The chart also shows a striking correlation between day-to-day market-making profits and the evolution of market volatility since the mid-2000s, a relationship not observed for higher-frequency market making. The interpretation is that higher market volatility tightens dealers’ funding constraints, contributing to a widening of market-making returns. Risk management techniques that rely directly on market volatility, such as VaR limits, can cause such funding constraints to bind and create a link between funding liquidity and market liquidity (Brunnermeier and Pedersen and Adrian and Shin).
Corporate Bond Market-Making Returns
While dealers play a reduced role in equity markets, they remain the predominant market makers in the corporate bond market. Furthermore, capital regulations since the financial crisis have increased the risk weighting on corporate bonds. If it were true that these higher capital requirements were leading dealers to withdraw from market making, one would expect market-making returns to widen, especially in that market. However, as the next chart illustrates, reversal returns for corporate bonds show no such increase, and thereby do not suggest a withdrawal of market-making activity in this market. The chart also reveals a close relationship between returns to market making and corporate bond realized volatility, with returns to market making highest during high-volatility periods.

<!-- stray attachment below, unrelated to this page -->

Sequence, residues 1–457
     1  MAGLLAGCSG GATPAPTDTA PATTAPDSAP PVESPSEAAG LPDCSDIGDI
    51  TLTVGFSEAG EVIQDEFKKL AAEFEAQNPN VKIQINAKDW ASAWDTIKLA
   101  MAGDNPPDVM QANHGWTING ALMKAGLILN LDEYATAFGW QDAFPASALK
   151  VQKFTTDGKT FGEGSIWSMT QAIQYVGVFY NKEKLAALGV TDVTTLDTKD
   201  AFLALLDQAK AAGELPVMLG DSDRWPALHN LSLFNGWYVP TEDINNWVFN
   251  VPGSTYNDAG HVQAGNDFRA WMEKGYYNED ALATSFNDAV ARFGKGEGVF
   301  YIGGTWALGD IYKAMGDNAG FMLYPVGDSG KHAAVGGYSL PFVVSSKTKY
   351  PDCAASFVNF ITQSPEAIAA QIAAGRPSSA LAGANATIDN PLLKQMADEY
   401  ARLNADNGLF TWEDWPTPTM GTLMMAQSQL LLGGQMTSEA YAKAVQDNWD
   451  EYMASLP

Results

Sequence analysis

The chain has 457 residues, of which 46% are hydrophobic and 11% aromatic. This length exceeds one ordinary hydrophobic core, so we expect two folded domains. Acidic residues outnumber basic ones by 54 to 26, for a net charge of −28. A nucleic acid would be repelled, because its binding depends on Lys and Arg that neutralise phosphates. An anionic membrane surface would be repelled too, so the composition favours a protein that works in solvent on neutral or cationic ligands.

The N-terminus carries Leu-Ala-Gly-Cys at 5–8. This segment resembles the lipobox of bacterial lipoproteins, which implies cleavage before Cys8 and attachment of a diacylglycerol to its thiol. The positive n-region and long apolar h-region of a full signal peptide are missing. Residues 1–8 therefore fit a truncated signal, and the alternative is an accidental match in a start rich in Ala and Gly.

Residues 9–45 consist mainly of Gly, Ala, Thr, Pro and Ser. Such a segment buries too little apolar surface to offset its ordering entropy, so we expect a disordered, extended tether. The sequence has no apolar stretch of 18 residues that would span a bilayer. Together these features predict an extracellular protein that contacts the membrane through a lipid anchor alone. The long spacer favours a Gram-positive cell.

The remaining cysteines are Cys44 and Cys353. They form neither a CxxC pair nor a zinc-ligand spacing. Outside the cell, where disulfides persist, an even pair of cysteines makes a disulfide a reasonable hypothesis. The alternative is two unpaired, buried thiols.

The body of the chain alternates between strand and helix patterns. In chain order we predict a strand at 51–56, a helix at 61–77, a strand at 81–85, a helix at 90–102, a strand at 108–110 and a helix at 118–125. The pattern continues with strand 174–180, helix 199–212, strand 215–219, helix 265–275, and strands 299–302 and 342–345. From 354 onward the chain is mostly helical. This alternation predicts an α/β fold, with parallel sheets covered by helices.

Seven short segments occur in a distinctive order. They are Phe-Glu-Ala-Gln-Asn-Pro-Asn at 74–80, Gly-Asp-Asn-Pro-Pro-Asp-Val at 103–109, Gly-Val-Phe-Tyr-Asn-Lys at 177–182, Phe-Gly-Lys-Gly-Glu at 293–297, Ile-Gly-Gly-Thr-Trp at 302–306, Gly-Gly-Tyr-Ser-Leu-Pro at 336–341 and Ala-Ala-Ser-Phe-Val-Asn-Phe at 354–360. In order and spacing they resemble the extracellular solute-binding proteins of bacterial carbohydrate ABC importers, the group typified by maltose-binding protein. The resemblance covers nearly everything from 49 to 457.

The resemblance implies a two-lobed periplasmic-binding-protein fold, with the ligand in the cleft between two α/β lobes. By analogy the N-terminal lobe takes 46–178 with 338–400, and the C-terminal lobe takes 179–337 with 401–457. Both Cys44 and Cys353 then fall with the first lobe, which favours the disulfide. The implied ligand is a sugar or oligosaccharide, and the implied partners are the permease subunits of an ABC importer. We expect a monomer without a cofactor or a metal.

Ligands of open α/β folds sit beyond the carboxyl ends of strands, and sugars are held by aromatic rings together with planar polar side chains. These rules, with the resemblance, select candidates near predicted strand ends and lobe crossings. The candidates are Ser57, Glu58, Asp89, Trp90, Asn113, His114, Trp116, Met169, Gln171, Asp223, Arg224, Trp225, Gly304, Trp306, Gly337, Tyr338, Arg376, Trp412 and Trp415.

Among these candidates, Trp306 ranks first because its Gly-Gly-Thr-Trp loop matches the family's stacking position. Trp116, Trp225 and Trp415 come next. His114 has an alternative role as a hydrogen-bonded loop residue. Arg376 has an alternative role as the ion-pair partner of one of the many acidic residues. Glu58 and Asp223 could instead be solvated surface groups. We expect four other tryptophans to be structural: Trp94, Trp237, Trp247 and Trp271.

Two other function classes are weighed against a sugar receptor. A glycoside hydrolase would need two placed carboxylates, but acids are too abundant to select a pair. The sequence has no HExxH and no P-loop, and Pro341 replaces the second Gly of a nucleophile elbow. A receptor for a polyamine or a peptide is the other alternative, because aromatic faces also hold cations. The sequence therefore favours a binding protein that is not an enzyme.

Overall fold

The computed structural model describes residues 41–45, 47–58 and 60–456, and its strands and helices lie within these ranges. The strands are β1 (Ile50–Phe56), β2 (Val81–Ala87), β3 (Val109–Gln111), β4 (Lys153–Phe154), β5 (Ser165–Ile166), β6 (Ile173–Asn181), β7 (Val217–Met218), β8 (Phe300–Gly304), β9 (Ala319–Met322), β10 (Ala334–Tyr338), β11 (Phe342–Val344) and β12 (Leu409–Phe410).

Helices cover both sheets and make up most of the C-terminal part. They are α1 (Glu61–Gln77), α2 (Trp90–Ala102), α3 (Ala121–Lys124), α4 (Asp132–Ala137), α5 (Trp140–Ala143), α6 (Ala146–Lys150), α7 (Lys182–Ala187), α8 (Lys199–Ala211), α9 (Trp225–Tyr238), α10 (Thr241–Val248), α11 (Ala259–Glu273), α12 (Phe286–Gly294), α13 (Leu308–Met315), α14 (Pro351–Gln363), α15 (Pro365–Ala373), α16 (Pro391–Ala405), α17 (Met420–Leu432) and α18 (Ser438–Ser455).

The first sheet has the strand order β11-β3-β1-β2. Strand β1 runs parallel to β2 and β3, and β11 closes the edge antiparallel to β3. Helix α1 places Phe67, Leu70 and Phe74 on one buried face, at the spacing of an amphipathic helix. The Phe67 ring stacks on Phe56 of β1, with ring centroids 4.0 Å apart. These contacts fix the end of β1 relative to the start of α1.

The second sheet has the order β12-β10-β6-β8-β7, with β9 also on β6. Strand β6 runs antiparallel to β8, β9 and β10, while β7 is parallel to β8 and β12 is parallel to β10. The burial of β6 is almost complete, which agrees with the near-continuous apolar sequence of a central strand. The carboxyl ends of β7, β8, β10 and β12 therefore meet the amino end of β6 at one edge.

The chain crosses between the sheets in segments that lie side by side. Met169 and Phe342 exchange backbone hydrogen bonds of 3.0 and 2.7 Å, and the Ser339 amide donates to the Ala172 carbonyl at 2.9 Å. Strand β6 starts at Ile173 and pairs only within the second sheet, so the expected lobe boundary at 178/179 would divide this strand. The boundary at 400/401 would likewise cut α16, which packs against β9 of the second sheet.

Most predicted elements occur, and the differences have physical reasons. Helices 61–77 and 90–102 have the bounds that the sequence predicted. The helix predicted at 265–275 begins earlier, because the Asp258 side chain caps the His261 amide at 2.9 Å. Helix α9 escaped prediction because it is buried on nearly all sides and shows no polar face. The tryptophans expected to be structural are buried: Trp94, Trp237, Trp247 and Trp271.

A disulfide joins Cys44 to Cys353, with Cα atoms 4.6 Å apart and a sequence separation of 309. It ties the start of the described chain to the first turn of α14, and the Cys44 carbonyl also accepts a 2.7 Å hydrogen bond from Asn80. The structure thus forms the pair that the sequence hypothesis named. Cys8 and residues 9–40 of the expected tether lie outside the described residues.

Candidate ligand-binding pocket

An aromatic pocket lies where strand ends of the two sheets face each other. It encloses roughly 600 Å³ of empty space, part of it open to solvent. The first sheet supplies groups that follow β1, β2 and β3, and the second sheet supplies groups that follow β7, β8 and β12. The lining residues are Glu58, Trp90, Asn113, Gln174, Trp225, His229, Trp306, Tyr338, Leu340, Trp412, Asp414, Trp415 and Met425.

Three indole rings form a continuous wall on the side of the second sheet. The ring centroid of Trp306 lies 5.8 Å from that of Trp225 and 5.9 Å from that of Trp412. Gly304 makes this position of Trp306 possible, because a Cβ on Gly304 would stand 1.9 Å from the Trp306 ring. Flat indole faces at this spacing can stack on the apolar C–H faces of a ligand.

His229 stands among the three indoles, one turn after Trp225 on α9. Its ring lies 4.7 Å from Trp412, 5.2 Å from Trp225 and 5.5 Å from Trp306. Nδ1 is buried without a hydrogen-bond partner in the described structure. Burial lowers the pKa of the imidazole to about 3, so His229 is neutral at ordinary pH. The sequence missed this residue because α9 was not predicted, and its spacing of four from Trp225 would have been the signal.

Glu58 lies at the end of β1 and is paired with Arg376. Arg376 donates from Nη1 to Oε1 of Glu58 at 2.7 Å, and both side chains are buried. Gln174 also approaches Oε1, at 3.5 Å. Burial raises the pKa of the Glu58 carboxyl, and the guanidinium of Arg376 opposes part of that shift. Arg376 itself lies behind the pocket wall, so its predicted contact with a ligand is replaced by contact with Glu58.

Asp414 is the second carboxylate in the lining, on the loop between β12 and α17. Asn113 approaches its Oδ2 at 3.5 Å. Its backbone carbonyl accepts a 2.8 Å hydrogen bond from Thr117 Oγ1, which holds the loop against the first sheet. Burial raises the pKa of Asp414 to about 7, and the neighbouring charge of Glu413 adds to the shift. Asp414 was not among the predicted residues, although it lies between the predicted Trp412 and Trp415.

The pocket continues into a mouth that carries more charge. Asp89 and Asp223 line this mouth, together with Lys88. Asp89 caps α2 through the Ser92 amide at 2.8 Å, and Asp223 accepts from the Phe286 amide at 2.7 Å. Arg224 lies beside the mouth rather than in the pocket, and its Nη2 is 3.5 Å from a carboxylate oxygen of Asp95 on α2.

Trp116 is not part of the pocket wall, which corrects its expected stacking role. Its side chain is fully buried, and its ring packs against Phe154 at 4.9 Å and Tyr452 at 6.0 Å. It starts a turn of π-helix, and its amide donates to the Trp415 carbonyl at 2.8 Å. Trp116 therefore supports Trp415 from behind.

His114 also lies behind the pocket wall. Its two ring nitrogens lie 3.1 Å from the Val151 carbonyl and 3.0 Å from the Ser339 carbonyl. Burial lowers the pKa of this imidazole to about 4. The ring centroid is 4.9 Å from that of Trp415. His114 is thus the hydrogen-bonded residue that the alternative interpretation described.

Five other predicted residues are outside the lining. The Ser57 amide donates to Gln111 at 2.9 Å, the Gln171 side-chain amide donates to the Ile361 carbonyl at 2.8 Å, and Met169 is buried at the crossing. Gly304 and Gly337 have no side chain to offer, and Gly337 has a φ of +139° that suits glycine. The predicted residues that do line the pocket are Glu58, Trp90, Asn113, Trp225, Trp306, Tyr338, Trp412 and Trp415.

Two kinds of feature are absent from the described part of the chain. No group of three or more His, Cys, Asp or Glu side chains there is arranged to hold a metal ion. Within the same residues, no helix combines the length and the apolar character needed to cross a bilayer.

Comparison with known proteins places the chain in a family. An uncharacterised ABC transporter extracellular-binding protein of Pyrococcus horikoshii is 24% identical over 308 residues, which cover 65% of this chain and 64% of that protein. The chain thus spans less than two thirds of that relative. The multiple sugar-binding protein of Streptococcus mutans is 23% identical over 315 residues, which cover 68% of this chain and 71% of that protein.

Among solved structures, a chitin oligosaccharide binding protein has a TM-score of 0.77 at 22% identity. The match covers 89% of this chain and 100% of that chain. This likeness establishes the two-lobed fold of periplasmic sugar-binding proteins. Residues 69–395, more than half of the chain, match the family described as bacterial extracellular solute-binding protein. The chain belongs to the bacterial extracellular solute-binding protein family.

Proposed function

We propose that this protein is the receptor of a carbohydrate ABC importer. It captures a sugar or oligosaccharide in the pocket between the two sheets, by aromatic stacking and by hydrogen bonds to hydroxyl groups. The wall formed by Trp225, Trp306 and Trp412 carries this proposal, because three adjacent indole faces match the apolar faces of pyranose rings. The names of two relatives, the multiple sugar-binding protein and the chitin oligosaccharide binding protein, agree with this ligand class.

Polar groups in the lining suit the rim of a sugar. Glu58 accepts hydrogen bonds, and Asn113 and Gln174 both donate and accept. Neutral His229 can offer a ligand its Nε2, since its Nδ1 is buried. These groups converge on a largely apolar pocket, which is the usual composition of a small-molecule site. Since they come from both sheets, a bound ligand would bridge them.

Hedge Fund Returns
Besides dealers and HFT firms, hedge funds are a third class of financial institutions that is likely to have a first-order impact on returns to market making. In fact, to some extent, hedge funds fulfill roles similar to market makers insofar as their trading provides liquidity. Furthermore, certain forms of trading—particularly proprietary trading—have been transferred from dealers to hedge funds. Jurek and Stafford show that an index of aggregate hedge fund sector returns can be replicated with a put writing strategy on the S&P 500 Index. Such a strategy performs well in normal times, but suffers large losses when volatility is high.
The insight that hedge funds are structurally short volatility means that we would expect the volatility risk premium to depend on the size of the hedge fund sector. Hence our earlier finding that the frequency of volatility jumps does not appear to be associated with the pricing of volatility risk (as measured by the volatility risk premium) might be explained by the growing size of the hedge fund sector. That is, while changes in market structure might have increased liquidity risk and vol-of-vol in some markets, the impact on the pricing of volatility risk might have been offset by growth in the hedge fund sector.